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Hays Free Press
Kyle, Texas
March 23, 2011     Hays Free Press
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March 23, 2011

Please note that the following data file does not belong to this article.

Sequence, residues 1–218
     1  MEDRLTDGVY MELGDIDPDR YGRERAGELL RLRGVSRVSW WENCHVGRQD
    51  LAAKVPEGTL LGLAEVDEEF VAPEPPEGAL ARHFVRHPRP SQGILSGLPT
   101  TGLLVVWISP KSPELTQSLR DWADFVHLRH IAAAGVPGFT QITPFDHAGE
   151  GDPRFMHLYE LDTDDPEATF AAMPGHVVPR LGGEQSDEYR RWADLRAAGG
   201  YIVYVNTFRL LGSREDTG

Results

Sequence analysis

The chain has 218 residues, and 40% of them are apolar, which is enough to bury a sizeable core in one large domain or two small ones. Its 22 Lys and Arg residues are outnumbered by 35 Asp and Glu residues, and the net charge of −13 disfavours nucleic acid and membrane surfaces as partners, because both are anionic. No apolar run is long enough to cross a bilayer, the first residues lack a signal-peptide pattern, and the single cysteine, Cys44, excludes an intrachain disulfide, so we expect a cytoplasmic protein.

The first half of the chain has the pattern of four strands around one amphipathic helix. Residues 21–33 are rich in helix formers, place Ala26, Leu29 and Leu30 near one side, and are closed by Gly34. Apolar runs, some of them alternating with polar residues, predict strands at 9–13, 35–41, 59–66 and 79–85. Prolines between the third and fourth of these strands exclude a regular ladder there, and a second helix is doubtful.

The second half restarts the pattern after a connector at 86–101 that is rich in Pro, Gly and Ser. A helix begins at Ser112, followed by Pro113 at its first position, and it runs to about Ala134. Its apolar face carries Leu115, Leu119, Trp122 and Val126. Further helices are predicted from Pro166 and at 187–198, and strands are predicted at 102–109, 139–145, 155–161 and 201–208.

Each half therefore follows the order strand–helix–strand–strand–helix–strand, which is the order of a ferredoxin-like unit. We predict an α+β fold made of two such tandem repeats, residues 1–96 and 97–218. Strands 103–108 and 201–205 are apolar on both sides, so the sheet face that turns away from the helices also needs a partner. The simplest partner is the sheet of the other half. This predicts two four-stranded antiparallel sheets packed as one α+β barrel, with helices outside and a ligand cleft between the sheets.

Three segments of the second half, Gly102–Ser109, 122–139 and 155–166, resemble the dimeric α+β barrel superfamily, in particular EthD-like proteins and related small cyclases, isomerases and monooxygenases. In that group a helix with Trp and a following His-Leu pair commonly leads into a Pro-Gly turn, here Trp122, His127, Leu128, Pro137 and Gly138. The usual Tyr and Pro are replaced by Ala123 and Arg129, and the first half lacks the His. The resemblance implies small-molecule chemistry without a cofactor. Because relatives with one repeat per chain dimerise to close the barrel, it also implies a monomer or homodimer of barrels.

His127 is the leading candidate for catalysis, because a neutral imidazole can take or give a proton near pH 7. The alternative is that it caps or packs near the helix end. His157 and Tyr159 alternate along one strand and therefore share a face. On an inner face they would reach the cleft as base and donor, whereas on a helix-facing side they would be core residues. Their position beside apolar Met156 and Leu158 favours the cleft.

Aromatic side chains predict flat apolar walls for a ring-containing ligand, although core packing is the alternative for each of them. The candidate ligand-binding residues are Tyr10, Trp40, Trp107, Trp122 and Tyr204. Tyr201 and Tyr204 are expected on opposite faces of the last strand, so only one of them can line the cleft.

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THEY REALLY SAID THAT?. Hays Free Press 23,201i "Nobody is happy oitb any of this." - Hays CISD superintendent Jeremy Lyon on layoffs implemented this week Page 3A + OF CABBAGES IlblvinhaVe fond memories of Hays County ack when there were fewer people g within our 680 square miles than now dwell within the city limits of Kyte. But crowded into those pleasant recol- lections are sobering flashes of reality, like the horrible crop years in 1927-1928 that resulted in Hays County farms being taken over when residents couldn't pay their loang Before there was a recoveD; 1929 rolled around and the Great Depression plowed under more Hays Countians, along with many middle-sized merchants and mon- ey-lenders. Happy Days were not here for years to come. Roosevelfs New Deal brought us hope and some economic security, parriculary for elderly dtizens who qualified for sodal Se- curi~ Later Eisenhower's national highway system made it feasible for folks to live here and commute to Austin for their jobs. By the end of Wofld War Two the number of folks living in Hays County had grown to 17,840 (a 3,500 person increase from 1900). We rocked along on a slightly higher growth scale for 20 years, and tipped 40,000 in the 1980 census. The ensuing roller coaster ride since then brought us to 157,107 Hays Countians, according to the final 2010 census figures. Hays County is now in 24th place in population among 254 Texas counties. Any- one who doesn't believe we need more and bigger roads, particularly in the Interstate 35 corridor and along the northern Hays boundary between Dripping Springs and Aus n, need to have their head examined. It's a no bralner. Our county commissioners are level- headed folk and most have deep Hays roots. I don't think they'll go against the will of people who spoke clearly during the 2008 mad and parks bond election. For those who feel they just can't stand the growth, I can supply them with the names of the 67 Texas counties going downhill- population wise. There are good bargain homes and farms in those locales, and might prove to be paradise for folks who don't like what is happening here. On a slightly different matter, I am deeply disappointed to mad that. effective imme- t sthe long-mn g Ution of the Office providing complimentary funeral escorts has been cancene According to local reliable sources the new fee is $100 bucks an hour.WowS. I .ollect a few years hack when the county bought fancy motomydes, with the selling point beingthe big dollar"hogs" would be ideal for fonerm escorts. I don't expect funeral homes to absorb the cost, but I do question our Sheriff's Office for not doing so. It's a custom that complements an agency that could use some good PR. Those ofus living in the three largest dries have dty-funded police departments, so we are already paying a sizable stipend for public safety that lowtax smaller city and rural residents don't fund. The new decree won't drastically affect those living in the Buda-Kyie area. That's because constables James ~hier of Kyie and Matt Mancillas of Buda will keep pro- vidlng escort sennces without charge. Public servants providing aid to folks at a difficult time in thek life. Hooray for the~ The Sheriff's Office isn't the of- fender when death occurs. Some newspa- pers began charging for obituaries a w~e ago; the Hays Free Press does not. I believed 58 years ago when I first became a publisher that such a policy was cold hearted. I still dot I can understand word limits if obituaries are long and we In- sist on ultimate conttol in case some family feud causes problems. We don't charge for obituaries and we lose several thousand dollars a year because of our rule. It is a commitment we are sticking with! Effective law enforcement is enhanced by public good will. Killing a helpful tradition in time of hardship is a'hNrong direction" mow It's not too late to put this policyinto reverst~ Consider it Sheri~. LETTER TO THE EDITOR CELEBRATING THE ANNIVERSARY Wednesday, March 23m, marks the one year anniversary of the passage of landmark legislation in this country. While many fear and revile the Affordable Health Care Act, for me, it represents a major step in the right direction.Anyone whose child has been turned down for health insur- ance due to an existing condition, or any- one whose adult children were dropped at age 20 or 21 from the family's health insurance, surely recognizes the advan- tages of this legislation. Those who are so adamantly against it must have unlimited funds for health care. ]udy Burns Buda Ttheaee dere is a $1,100 billion hole in e federal budget. Our so-called rs are squabbling over how to reduce that hole by a mere $61 billion. They seem to have agreed that the best way to do this is to let poor people fzeeze to death. What a bunch of geninse Democrats figured out long ago that big spending is good politics. Government spending creates jobs, and the Congressman or woman who "brings home the bacon" to his or her constituents tends to get re-elected. Starting In 1980, Republicans figured out that tax cuts are good politics. Letting people keep more of their pet priorities. The result is a na- tional debt so large that there is a dear and present danger the global bond had a free ride for much too long. Wealth and income shifted to the very top strata of our society in a way that we've never seen in history. What prosperity we have seen in the past 30 years has been debt-fueled and bubble-based. To get the economy back to health, we're going to have to reset the basic parameters of our economy. This is about cleaning up the mess the morn- after, from a 30-year binge that markets will downgrade ourdebt to wasunsustainable. Inpart this means junk status. That would mean disaster, placing a much higher tax burden on in the form of high Interest rates that the upper incomes. strange economic growth. But an this is just the ran gs of some their own moneyappeals to the basic When Ronald Reagan took office greed of the American people, and 30 years ago, the nationm debt stood the distrust of government which the at about $1 trillion. Now it stands at Republicans have been selling for the last 30 years has become a self-ful- filling prophecy. After 1985, the GOP decided that deficits didnt matter and tax cuts were the solution of first, second and third resort. That cate- chism has been taught to all incoming Republican congressmen ever since. Both parties have been reckless and irresponsible. Like selfish children, neither party has bothered paying for naive socialist liberal, right?Wrong. Vh'mally every word of the foregoing was uttered by David Stockman. about $14 trillion, and rapidly growing. Who is David Stockman? He was Ronald Reagan's Budget Director. The economy has not grown 14-fold Thafs right. Ronald Reagan's Budget in those 30 years. Public and private indebtedness in the U.S. stands at $50 Director. He is known as the Architect trillion, giving us our highest leverage ratio in the country's history. We must cut spending and raise taxes. It is foolish to extend the tax cuts for the richest two percent of Americans in light of our current circumstances. The rick have already of Reaganomics. Even he is now saying that "Supply Side" economics will not work in our current situation- ff R ever did. It's t~e to take the rich offwelfare. Wake up, America. The hour is get- ting very, very late. ie who wrote the global warminq A anndrew Dessler is as dispassionate academic should be- pt about things he knows to be beyond dispute. In the first sentence, first chapter, of"The Science and Politics of Global Climate Change," that passion shows through. "Of all the environmental issues that have emerged in the past few decades, global climate change is the a greenhouse gas, yes, but"carbon most serious, and the most difficult to dioxide is the dominant greenhouse manage. It is the more serious became ofthe severity of harms that it might bring." The book, which the Texas A&M climatologist authored with Edward Parson ofthe University of Michigan, is one of the nation's leading college texts on the subject. It's advertised as a"guide to the debate," but Dessler doesn'tgo so far as to assign each side of the debate equal weight. He leaves no doubt that industrial-era pollution is contributing to Earth's heating. Certain~, how rapidly climate change might occur and how it will affect life on the planet are matters of conjecture and projection. He does not, for instance, blame global wanning for the kiner gulf storms of recent years. But relative to the central issue, carbon dioxide emissions, Dessler says no one should be cowed by any number of distractions. Take the claim that ca~e flatulence is just / as significant a factor. Methane is gas by a factor of four." Additionally, what cattle emit will dissipate after 10 yearn The CO2 we are adding to our atmosphere is there for our lifetime. Don't be comforted, he said, by cherry-picked data, such as the recent cold snap in the south. A"temperature anomaly" chart shows a spike of 1.3 degrees In water surface temperatures since the 1900s, after a relatively constant stretch of 300 years. For anyone who thinks 1.3 degrees to be a pittance, Dessler points out that the Ice Age was precipitated by a 5-degree drop. And if today's pace continues, a 4-degree rise over the next century is not out of the question, with coastal areas submerged and life- sustaining finshwamr sources the Himalayan gladers decimated. "We'll look pretty stupid in 100 years ifwe essentially destroyed the world while we were arguing about tax rates, jobs, Bernie Madoff and rescuing the stock market," he said. Not surprisingly, Dessler, a Harvard graduate, occasionally finds pockets of doubt in Aggleland. One he faced a hostile audience of petroleum engineers. "This was a crowd of academics who were accusing me of fraud," he said. However, he said, by and large people get it. Dessler is openly disdainful of the economic scare tactics used by the "do nothing' crowd. That crowd said, for instance, that dramatic measures to curtail the chlomfiuorocarbous eating away the ozone layer would carry catastrophic costs. Wrong. What those measures brought about was innovation, another word for economic development. "Once people realize there's going to be regulation (of greenhouse gases) there's going to be innovation," he said. "Climate change is tougher than other issues, but there's a ]ot of evidence that people exaggerate the costs of the solution to scare people into inaction." The question: Will we say, 'Ah, let's adjust to a warmer planet"? Or will we sa~; "Let's adjust our economy and our consumptive lifestyles to lessen our imprint on the planet's future"? Which? Longtime Texas newspaperman ]ohn Young lives in Colorado. I~mnOeogam~omail.oom Tmm~ofime is here and most people besieged with pleas for ney. There are requests for help either from profit m king firms or non-profit agendes. They are working tirelessly in a troubled econom~ I don~ have any problems turning down the profit making organizations' requests for money. Nearly every pitch by mail or phone I can do without. We have all been hurt by the econo- my and who can saywhen things wi]l improve? In the mean ne, we have to say "no" time after time when the phone marketers call. I keep the pitch to a minute or less, knowing that their time is valuable and I'm not going to respond in any event. My real problem is having to turn down wOrthy non-profit organiza- tions. In a day when non-profit needs are increasing, most people have less money to give. How can we respond Pm w:ffrl m when our Income is less this year than last year? We feel a sense of guilt when we are lucky to be able to contribute as much as we did last year, but not able . to afford one dollar more this year. There is also the question of sup- porting many agendes with a li~e do- nation to each or a few agendes with a large donation to each? Hardly a day goes by that we don't receive# request to support cancer research which is a most worthy cause.We turn these down as all our support for cancer research goes to the James Cancer Hos- pital at Ohio State Universi~ When it comes to higher edueation we support a variety ofinstitution~Which method is best? Some of the agencies are doing a great job with the moneythey have. However, the needs ofthose whom they serve are increasin and there never seems to be enough resources to go around. Allwe can do is to make certain we support non-profits as well as we can and give our conscience a rest. Even Jesus recognized this truth when he said: "For I was hungry and you gave me something to eat, I was thirsty and you gave me something to drink, I was a stranger and you invited me in. ~ I tell you: just as you did it to one of the least did it to me." (Matthew 25:35-36, 40) We must do the best we can in the midst of hard times and be at peace. COMMENTS FROM THE WEBSITE "You can research the Cypress Creek [developer] online and see they have developed sev- eral properties in Texas. They actually are really nice and high-end looking compared to some of these homes in Kyle with crap all in yard and broken down cars. I did not realize I live in such a closed minded city." - Tammy on "Council tabl~ Cypm= Creek projec' at oom "1 hate to burst your bubble but a $150,000 home is considered affordable hous- ing. Every community needs diverse housing, not everyone wants a single family home. So who is going to live here? Your typical workforce. HUD income limit for a 2 person household considered 'low income' is $47,250. A Hays CISD teacher with 15 years experience makes $46,855." - Mm'k on "CouncU tablu Cywem Cmek apartn nt project'at oom MANAGEMENT BARTON PUBLICATIONS, INC. Co-Publlahem Bob Barton and Cyndy Slovak-Barton Office Manager --- Connie Brewer NEWSROOM Editor Brad Rollins Staff Reporters Jennifer Biundo Scan Kimmons Wes Ferguson Feature= Writer Brenda Stewart School Reporter Jim Cullen Community Reporters Sandra Gflzzle Myrtle Heideman Pauline Tom Sports Editor Jason Gordon Sports Reporter Mark Caul Columnists Bob Barton Bartee Halle Phil Jones Clint Younts Donn Brooks John Young Brenda Stewart Proofreaders Jane Kirkham Brenda Stewart ADVERTISING Tracy Mack Delilah Reyee CIRCULATION Circulation Mgr. Suzanne Hallam C~IFIEDS Suzanne Ha,am Diatdbutlon Gigi Hayes Carolyn Harkins Pete Sizemore PRODUCTION Produation Mgr. David White Aulatant Designer Jorge J. Garcia Jr. Contact Us: BUD#. 512-295-9760 KYLE 512-268-7862 METRO AUSTIN 512-262 -6397 +